The Fool Errant
by Maurice Hewlett
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Belviso set off early in the morning with his monstrous old wife of the occasion. He embraced me warmly before he left me. "Keep a good heart, Don Francis," he said, "and trust in your friends. All that is possible shall be done, you may be sure. I shan't dare to look you in the face if I come back without your Virginia."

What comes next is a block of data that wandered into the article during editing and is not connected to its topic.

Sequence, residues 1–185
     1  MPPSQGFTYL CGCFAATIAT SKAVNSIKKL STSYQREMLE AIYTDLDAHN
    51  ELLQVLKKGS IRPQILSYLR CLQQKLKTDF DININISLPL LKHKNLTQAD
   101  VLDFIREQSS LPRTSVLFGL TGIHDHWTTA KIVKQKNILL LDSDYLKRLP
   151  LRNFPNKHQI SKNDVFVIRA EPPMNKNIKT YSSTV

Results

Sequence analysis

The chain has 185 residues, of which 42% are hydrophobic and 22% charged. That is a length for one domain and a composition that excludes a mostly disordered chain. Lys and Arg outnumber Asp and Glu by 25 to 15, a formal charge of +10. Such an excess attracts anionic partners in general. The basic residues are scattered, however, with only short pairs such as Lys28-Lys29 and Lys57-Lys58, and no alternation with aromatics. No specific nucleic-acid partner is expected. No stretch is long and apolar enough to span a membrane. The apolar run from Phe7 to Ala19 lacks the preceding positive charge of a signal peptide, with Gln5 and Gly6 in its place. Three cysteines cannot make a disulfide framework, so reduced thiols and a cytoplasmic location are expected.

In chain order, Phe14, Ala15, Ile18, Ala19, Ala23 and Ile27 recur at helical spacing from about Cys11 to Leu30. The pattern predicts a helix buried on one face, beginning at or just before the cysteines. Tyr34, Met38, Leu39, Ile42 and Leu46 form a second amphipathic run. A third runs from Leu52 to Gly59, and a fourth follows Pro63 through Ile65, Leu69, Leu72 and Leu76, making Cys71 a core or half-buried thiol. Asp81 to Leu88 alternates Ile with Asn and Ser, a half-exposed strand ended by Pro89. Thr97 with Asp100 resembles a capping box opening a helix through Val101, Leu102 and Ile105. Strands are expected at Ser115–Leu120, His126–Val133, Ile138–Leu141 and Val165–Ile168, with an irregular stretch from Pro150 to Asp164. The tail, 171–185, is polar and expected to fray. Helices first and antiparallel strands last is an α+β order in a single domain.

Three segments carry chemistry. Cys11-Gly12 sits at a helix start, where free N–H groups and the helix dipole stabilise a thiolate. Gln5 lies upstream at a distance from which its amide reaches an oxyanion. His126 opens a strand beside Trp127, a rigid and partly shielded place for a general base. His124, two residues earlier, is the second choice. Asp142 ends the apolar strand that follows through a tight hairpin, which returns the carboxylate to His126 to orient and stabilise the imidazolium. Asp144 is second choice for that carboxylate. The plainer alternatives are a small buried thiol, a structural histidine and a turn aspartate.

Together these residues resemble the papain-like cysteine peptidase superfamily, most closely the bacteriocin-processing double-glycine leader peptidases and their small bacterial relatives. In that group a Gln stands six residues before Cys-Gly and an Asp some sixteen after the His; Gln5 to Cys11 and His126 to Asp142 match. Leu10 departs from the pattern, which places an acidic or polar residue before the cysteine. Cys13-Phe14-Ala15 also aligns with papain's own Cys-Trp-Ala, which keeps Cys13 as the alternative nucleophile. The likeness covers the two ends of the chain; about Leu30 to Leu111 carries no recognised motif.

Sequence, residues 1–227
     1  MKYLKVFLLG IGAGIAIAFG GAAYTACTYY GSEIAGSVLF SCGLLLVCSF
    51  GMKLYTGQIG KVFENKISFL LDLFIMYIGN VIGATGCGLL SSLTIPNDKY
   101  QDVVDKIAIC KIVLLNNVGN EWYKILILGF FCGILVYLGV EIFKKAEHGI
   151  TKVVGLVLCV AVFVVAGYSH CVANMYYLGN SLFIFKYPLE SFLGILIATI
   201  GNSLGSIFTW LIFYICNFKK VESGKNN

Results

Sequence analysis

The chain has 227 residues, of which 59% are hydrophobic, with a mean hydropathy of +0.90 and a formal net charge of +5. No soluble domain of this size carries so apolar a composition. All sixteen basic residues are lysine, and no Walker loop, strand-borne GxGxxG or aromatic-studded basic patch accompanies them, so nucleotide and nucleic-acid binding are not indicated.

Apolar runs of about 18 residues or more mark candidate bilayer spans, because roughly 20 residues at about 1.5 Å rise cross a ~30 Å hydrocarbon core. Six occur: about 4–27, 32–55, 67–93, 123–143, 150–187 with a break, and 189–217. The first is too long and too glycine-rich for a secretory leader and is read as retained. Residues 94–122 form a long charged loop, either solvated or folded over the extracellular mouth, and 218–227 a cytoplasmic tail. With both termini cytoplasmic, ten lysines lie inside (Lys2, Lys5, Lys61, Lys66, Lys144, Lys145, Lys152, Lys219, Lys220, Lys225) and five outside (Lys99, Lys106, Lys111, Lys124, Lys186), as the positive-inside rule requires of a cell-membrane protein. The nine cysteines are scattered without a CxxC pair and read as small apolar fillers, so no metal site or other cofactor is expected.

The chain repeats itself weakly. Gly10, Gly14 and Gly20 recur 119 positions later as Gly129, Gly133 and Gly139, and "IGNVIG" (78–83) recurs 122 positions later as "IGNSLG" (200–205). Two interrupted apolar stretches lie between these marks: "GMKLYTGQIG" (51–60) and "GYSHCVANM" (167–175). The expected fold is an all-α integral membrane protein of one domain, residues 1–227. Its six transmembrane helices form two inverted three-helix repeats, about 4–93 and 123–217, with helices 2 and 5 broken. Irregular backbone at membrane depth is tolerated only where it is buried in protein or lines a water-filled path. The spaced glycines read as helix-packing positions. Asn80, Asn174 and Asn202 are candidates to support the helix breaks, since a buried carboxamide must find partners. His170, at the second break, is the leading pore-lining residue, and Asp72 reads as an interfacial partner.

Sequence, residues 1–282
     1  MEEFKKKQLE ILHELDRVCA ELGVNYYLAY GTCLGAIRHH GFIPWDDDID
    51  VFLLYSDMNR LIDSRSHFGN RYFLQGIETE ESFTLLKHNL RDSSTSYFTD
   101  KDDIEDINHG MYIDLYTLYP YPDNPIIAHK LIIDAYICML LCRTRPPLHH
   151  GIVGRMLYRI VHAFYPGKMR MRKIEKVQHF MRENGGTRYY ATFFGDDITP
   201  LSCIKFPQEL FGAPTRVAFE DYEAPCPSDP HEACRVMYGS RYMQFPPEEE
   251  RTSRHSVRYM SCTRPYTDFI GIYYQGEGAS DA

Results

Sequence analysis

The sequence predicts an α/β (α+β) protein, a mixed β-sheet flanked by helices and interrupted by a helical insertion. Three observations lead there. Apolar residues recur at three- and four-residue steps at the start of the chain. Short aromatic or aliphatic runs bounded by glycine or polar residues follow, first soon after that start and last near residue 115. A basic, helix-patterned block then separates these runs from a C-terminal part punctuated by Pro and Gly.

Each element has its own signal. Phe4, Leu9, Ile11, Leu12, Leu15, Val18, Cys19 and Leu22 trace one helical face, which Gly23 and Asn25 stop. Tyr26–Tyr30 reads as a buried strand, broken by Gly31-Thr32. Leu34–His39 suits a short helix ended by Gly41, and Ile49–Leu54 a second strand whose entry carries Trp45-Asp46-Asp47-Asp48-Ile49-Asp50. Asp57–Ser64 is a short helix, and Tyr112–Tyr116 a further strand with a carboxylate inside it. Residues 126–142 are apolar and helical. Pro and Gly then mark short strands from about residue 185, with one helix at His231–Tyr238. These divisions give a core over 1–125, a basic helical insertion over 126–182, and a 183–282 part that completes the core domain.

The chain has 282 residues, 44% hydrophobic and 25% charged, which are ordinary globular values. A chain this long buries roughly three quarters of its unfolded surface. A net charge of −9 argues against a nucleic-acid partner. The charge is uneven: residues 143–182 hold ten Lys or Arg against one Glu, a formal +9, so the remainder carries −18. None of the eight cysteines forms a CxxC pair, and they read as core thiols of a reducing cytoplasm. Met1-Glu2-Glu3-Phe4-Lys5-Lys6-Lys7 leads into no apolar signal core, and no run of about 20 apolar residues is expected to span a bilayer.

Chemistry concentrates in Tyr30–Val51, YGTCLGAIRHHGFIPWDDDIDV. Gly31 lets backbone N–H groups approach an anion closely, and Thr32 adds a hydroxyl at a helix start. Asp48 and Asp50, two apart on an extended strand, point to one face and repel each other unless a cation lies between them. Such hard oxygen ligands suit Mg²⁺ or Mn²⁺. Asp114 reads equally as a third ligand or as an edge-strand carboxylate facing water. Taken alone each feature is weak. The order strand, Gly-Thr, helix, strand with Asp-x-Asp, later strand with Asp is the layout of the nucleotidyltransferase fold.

The company, of which I was now enrolled a member, moved on towards Siena, that city for which—as Aurelia's cradle—I had a feeling of profound reverence; towards which now, in spite of all that had occurred, I could not approach without a quickening of the pulse, an aching heart, and a longing mind. We travelled with a large caravan of donkeys and mules to carry the baggage and women—La Panormita, her gross old mother, and two hags, who called themselves the mothers, and were really the owners, of the boys. The rest of us, the men and the boys themselves, trudged afoot. We begged, jigged, or bullied for food as we went, having scarcely any money among us; for just now, after a disastrous week in Florence, the company was by way of starving until it could earn some pence-halfpence in Siena. The first night we slept in a rick-yard—a bitter wet night it was; the next, we reached Certaldo, and cajoled the landlord of the Ghirlanda out of house-room. This he only consented to upon the condition of our giving free entertainment then and there to his customers. We had been all day on the road; but what choice is open to the needy traveller? Footsore, muddy to the eyes, hungry, thirsty as we were—our clothes of the stage sodden with rain, our finery like wet weeds, our face-powder like mud and our paints like soup—we must perforce open our packs, don our chill motley, daub our weary faces, and caper through some piece of tomfoolery which, if it had not been so insipid, would have been grotesquely indecent. All I remember about it now is that it was called La Nuova Lucrezia ossia La Gatteria del Spropositi, a monstrous travesty of the story of Lucrece. One of the castrati—Pamfilo by name—played the part of Lisetta, "una putta di undici anni," and exhibited the most remarkable turn of satirical observation and humour I have ever seen before or since. Horrible in a manner as it was, it would have redeemed any performance. This demon of ingenuity and wit was little more than fourteen years old, and sang like an angel of Paradise. Another of them was the Lucrezia, the Roman matron—put into the short skirts, spangles, and mischievous peering glances of Colombina. Belviso would have sustained it had he been present. Adone, his understudy, took his place. My own share in the mummery was humble and confusing. In toga and cothurnus I had to read a pompous prologue, and did it amid shouts of "Basta! basta!" from the audience. I don't believe that I was more thankful than they were when I had done. The less I say about the rest of the evening and night the better. The people of Certaldo more than maintain the popular reputation of their great townsman, Boccaccio. They are as light-hearted, as impertinent, as amorous as he; and they diverted themselves with our company in a manner which did credit to his example. Such things, I hope I may say, were very little to my taste; but it was necessary for me not to seem singular, and I fancy that I did not.